My detox diary: Joe O'Shea is hitting the wall on the extreme 30 day detox
Joe O'Shea and wife Holly enter the second week of their extreme detox and diet. And while the spirit is willing....
Just over a week into our month-long extreme detox and the question that keeps coming up, in between the hunger pangs and the dizzy spells, is simple: "In the name of God, why?"
Why put yourself through something as difficult and soul-crushing as the Whole30 programme (or one of the many variants)?
It's a self-inflicted, month-long purgatory, a denial of everything that is good and right in the world (spuds, pasta, cheese, sugar, bread, beer and wine, to name but a few) in pursuit of what seems like a selfish goal.
Just five days in, it felt like we had hit what marathon-runners call 'The Wall'. The sudden and total elimination of everything bar meat and veg (and I mean everything) had left us feeling dizzy, extremely fatigued, plagued by headaches and very, very dopey.
A panicked google of "what to expect on the Whole30 programme" revealed dire warnings about another common side-effect, what one survivor baldly described as "prolonged and chronic flatulence".
Not exactly the picture of health and attractiveness, is it? Hollow-eyed and staggering, barely able to form a coherent sentence, rapidly emitting the kind of noxious fumes that would have shut down a Victorian gas-works.
Thankfully, I appear to have side-stepped the most, ahem, explosive side-effect. Which is a relief, as I'm due to go through an airport shortly and would hate to be responsible for the untimely deaths of three sniffer dogs.
So today marks nine days out of 30 on the American-devised programme, the latest in a long line of wildly popular detox and diet plans that includes Atkins, Paleo and Caveman.
The premise for myself and my wife Holly is simple. Nothing - and they mean nothing - but protein (in the form of fish, meat and eggs), vegetables, fruit and nuts. The luxuries? Black coffee and fizzy water. Yes, folks, the party has hardly stopped round ours this August.
Surprisingly, the total prohibition on alcohol has been the least difficult rule to follow, partly because when you are lying prostrate on the couch, moaning with hunger, a trip to the pub is far down your wish-list. Giving up bread and basically all forms of carbs has been far harder.
And simple things, such as watching the Great British Bake-Off (previously a shared pleasure), has become an exercise in torture: "Oh my God, look at that black forest gateaux! Turn it OFF!"
So, why do it? Well, the obvious answer is vanity, this modern need to conform to the ultra-thin and toned body image pushed at us from all directions.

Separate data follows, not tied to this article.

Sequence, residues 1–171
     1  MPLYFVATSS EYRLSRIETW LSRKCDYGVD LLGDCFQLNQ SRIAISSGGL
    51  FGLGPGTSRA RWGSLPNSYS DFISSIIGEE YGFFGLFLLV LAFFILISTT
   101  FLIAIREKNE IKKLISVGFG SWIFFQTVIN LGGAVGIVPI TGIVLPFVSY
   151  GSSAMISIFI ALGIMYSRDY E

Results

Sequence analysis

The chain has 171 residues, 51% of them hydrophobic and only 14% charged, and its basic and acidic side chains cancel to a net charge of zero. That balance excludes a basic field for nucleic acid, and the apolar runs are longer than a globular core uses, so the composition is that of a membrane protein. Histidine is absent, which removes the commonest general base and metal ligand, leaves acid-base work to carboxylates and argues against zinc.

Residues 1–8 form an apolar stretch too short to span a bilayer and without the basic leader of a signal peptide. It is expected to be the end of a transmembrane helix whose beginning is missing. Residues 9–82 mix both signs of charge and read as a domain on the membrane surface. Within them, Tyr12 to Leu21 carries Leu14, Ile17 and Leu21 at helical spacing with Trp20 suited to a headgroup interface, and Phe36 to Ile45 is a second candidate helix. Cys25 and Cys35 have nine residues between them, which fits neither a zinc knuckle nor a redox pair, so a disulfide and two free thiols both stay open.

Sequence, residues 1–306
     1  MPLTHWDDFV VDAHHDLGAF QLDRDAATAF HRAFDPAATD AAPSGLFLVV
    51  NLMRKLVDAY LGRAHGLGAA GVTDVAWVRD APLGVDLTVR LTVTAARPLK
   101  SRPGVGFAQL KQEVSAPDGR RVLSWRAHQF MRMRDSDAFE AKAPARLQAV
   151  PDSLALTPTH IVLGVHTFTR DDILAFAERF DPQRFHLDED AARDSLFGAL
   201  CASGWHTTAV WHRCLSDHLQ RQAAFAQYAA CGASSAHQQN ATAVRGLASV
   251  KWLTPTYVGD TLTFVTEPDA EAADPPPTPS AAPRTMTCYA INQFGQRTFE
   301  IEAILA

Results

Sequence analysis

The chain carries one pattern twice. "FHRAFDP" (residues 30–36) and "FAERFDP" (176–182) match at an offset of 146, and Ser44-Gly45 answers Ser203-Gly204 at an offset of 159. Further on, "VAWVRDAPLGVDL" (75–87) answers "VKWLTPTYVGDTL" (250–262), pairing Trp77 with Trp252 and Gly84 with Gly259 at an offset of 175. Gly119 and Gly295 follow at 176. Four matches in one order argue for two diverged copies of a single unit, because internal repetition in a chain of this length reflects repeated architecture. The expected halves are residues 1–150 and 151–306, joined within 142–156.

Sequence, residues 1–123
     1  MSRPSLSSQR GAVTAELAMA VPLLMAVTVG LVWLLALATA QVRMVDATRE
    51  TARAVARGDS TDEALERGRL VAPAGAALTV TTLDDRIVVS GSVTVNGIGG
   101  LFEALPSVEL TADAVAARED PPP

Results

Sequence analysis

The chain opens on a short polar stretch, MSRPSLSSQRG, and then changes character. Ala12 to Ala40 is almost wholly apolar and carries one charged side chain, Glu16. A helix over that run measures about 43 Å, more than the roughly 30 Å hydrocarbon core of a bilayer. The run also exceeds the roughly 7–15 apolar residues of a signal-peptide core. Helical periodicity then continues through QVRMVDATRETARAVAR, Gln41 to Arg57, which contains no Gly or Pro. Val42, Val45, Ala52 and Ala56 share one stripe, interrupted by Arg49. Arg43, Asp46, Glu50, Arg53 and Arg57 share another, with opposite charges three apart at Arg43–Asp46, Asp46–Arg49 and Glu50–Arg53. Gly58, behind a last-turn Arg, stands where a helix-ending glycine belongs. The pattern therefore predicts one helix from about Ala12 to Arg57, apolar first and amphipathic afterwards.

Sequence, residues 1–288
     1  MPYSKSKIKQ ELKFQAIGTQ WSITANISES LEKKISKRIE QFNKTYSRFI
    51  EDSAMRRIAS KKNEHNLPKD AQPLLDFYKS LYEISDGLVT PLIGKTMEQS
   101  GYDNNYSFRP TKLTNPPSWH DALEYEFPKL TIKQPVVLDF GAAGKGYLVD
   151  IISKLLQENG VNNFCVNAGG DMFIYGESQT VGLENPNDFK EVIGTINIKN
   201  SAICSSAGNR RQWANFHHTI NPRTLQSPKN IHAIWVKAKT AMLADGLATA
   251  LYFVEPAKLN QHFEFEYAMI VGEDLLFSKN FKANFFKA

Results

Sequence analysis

But I think, for most people at least, looking good is not really the object of radically changing their diet and exercise regime. A number of recent studies have shown that in times of recession and economic uncertainty, the number of people who start to care more about exercise and diet significantly increases.
In the US, a study by researchers at Bentley University found that people are more likely to take up walking, running or swimming during a recession (but gym membership rates can suffer as people cut back on spending).
My own theory is that, in uncertain times such as we are living through now, changing your diet and getting fit is a way of taking control of at least one part of your life.
You may not be able to control the economy, your future career prospects or the way the country works. But you can control what you eat, how you look, how you feel.
Going for a brisk walk or a run in the park is a cheap, rewarding and fun way to get back some small sense of achievement and control. Foregoing a scooter-delivered pizza and making a healthy meal for yourself is another simple but effective way to both save money and feel better in yourself.
And as anybody who exercises regularly will tell you, it just feels good (at least after you have showered).
The brain rewards you with washes of fuzzy endorphins that can carry you through the rest of the day.
I have seen it with my friends and family. These past five years or more have been tough on a lot of us in so many ways. But lots of us have taken back some small measure of control by positively changing our lifestyles, changing our diets and getting some exercise.
Of course, going the whole hog and living like a monk with a lethal potato-allergy for 30 days is not for everybody. And the first eight days have been pretty hellish (in relative terms at least - we're not wandering the desert without food or water).
But apart from losing a couple of nights' sleep to cluster headaches, walking into the odd door (seriously, that really happened) or briefly forgetting my own mother's name in the middle of a phone call (that also happened), it hasn't been as bad as we might have expected.
Having said that, there's still two weeks to go and we are hoping for phase 2 - the boundless energy and clear-headed wonder - to kick in shortly.
This could all be worth it. Especially if (and I say this more for others than for myself) I can continue to avoid the "prolonged and chronic flatulence".